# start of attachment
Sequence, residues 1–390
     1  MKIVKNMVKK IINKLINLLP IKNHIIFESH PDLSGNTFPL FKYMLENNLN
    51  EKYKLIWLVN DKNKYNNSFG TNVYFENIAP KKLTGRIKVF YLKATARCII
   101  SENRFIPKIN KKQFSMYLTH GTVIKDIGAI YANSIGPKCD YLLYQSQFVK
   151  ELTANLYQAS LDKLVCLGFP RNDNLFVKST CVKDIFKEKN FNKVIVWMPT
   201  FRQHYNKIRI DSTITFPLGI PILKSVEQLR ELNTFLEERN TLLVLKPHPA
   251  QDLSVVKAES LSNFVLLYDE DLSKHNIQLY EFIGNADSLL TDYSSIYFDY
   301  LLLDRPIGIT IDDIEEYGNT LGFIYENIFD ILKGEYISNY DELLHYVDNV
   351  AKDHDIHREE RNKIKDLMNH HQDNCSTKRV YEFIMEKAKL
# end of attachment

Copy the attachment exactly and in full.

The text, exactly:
Sequence, residues 1–390
     1  MKIVKNMVKK IINKLINLLP IKNHIIFESH PDLSGNTFPL FKYMLENNLN
    51  EKYKLIWLVN DKNKYNNSFG TNVYFENIAP KKLTGRIKVF YLKATARCII
   101  SENRFIPKIN KKQFSMYLTH GTVIKDIGAI YANSIGPKCD YLLYQSQFVK
   151  ELTANLYQAS LDKLVCLGFP RNDNLFVKST CVKDIFKEKN FNKVIVWMPT
   201  FRQHYNKIRI DSTITFPLGI PILKSVEQLR ELNTFLEERN TLLVLKPHPA
   251  QDLSVVKAES LSNFVLLYDE DLSKHNIQLY EFIGNADSLL TDYSSIYFDY
   301  LLLDRPIGIT IDDIEEYGNT LGFIYENIFD ILKGEYISNY DELLHYVDNV
   351  AKDHDIHREE RNKIKDLMNH HQDNCSTKRV YEFIMEKAKL